Ground Zero  

curious082385 32F
4230 posts
9/11/2006 2:06 pm

Last Read:
9/13/2006 12:18 am

Ground Zero

I thought about writing where I was when I heard or some poem or story of remembrance. But how do you really capture it in words? I thought about September 11th and what it meant to me, what my strongest, clearest memory of it was and I realized that it was not that day, but that it was the moments when I stood looking down on Ground Zero in early 2002. What I felt and what I saw. To live, to find something, anything beautiful and hopeful and bright from the tragedy and darkness......that is the greatest memorial we can give to them, the lost......the greatest tribute, the greatest honor....
Here it is, my memories, my best attempts to capture it....

The approach was a long walk down the sidewalk beside the old, tiny church that they had carried the wounded to. There was a tall fence that extended down the block, but unless you looked to the very top of it's rails you would never know that it was black iron. Teddy bears, flowers, candles and heavier mementos had been placed at the base of the fence. Pictures, poems, messages, flags, remembrance T-shirts, and posters covered every imaginable space on the fence, several layers deep.
"The children of Rosemont Elementary remember you..."
"Our prayers are with you..."
"Sep 11....We will not forget...."
"Our service in your memory.....The Soldiers of the 143rd..."

Poems written by those who had traveled here on pilgrimages of remembrance, grief and passion. Pictures of those lost. Written messages from family members and friends who had only empty graves to mourn beside and felt the presence of their lost one more strongly here then beside a headstone.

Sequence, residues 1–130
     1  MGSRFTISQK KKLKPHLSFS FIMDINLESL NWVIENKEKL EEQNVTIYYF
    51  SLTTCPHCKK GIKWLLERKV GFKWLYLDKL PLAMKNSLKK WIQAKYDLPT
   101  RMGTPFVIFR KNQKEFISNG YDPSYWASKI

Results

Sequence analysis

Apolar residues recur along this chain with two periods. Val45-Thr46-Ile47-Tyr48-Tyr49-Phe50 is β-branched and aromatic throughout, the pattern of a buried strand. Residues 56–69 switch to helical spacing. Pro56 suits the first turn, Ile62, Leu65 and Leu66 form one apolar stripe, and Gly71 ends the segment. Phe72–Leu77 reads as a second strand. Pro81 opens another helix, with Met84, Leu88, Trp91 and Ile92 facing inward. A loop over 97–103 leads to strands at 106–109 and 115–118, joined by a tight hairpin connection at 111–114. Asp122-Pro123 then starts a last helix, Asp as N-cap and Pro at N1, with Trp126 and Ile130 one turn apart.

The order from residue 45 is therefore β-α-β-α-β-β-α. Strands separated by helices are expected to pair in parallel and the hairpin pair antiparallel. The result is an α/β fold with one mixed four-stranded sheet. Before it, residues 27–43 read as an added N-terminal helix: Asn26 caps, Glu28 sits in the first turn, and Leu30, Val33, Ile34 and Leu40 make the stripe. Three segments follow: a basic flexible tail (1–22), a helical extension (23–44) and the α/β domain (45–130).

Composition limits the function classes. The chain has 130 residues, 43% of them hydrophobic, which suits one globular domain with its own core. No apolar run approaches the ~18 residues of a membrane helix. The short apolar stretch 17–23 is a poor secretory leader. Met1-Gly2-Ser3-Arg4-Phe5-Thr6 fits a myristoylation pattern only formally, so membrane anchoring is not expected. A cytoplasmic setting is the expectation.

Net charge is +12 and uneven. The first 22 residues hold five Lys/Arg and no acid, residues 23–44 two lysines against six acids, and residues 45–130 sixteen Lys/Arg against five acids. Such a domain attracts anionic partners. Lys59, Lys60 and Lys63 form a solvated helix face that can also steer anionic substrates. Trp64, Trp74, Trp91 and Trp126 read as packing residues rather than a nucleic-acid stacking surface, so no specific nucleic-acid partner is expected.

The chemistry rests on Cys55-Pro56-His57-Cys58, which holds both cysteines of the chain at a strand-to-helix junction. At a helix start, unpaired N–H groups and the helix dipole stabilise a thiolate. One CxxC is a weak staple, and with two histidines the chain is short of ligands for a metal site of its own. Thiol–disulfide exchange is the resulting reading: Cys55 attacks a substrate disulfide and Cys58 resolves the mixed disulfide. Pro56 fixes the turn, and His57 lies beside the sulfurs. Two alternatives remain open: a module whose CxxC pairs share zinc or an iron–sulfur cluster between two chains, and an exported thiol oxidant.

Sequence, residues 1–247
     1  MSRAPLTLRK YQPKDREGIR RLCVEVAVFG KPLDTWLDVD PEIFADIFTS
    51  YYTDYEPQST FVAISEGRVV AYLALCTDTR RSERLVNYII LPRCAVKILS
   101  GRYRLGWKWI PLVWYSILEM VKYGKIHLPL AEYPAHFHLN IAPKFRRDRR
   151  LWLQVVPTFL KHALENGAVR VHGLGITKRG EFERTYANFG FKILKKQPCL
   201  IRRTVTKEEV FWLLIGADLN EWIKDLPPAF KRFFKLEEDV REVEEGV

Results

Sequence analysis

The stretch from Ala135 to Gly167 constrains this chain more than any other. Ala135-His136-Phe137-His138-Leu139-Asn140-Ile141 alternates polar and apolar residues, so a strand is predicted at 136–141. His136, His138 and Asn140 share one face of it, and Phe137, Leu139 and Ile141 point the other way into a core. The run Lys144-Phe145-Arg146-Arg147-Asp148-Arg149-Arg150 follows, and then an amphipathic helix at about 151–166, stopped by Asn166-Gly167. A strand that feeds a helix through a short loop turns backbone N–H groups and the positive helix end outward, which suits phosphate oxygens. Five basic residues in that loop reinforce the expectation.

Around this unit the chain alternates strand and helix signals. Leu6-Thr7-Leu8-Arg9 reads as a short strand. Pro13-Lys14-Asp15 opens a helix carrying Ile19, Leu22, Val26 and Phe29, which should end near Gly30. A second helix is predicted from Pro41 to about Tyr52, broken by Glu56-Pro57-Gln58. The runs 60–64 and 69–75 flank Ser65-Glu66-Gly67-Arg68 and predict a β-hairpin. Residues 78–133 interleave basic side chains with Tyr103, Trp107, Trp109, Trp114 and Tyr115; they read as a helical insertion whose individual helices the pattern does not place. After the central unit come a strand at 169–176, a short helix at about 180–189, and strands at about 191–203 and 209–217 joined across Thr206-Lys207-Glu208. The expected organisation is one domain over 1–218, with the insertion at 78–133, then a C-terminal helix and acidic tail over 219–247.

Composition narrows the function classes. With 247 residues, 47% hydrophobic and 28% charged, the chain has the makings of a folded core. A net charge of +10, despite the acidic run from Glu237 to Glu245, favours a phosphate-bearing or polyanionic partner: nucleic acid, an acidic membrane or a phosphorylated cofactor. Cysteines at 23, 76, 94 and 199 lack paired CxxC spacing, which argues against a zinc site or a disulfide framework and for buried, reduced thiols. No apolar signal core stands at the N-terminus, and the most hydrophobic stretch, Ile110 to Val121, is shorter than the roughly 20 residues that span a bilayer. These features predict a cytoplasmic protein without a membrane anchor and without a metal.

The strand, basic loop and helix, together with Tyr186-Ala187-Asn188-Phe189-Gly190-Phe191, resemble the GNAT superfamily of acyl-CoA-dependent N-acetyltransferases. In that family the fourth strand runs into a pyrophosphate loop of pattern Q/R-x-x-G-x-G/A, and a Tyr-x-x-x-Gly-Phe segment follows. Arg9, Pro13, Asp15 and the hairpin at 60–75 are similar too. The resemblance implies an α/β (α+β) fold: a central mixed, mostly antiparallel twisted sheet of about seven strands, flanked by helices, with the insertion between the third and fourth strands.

"Dearest Husband...."
"Daddy, I miss you...."
"To my sister...."

The trees of the churchyard block a direct view towards the site of the Towers, but if you look up, you know that there used to be a building there that would have shaded this street. Fingers trail across fireman's hats, police badges....the grief ran deep....but I didn't cry. Until I found a bulletin board, covered in missing posters and my heart twisted at the vain hope of families for a homecoming that will probably never happen.
"This is John, my husband. He was on the 97th floor, last seen wearing a black suit with a faintly striped red tie. Dark hair, blue eyes. Please contact us if you have any information."
"Please call if you have seen this women. Her name is....."
"Last seen..."

You stand back and look at this fence and wonder how many people have left something of themselves here, some message or mark of their passing. The enormity of the unity, love and compassion humbles and brings a fresh wash of tears. Here in the shadow of where the towers used to stood, on a nondescript iron is the true monument and testament to endurance and strength.

Thoughts whirl through your head as you finally turn the corner and step onto the wooden ramp that will take you up to the viewing platform over Ground Zero. The first thought is how vast the space is. We hear about how many city blocks the towers occupied, but the incredible amount of empty space they left behind in a city where every square inch is occupied is.....
Then you look to the buildings on either side, still closed for public use, still with broken windows.
On the skyscraper to the left, an image we have seen countless times becomes reality.
A huge American flag, colors spilling down the side of the building, rippling in the breeze, in sight of all those who work below to clear away the remains of the towers.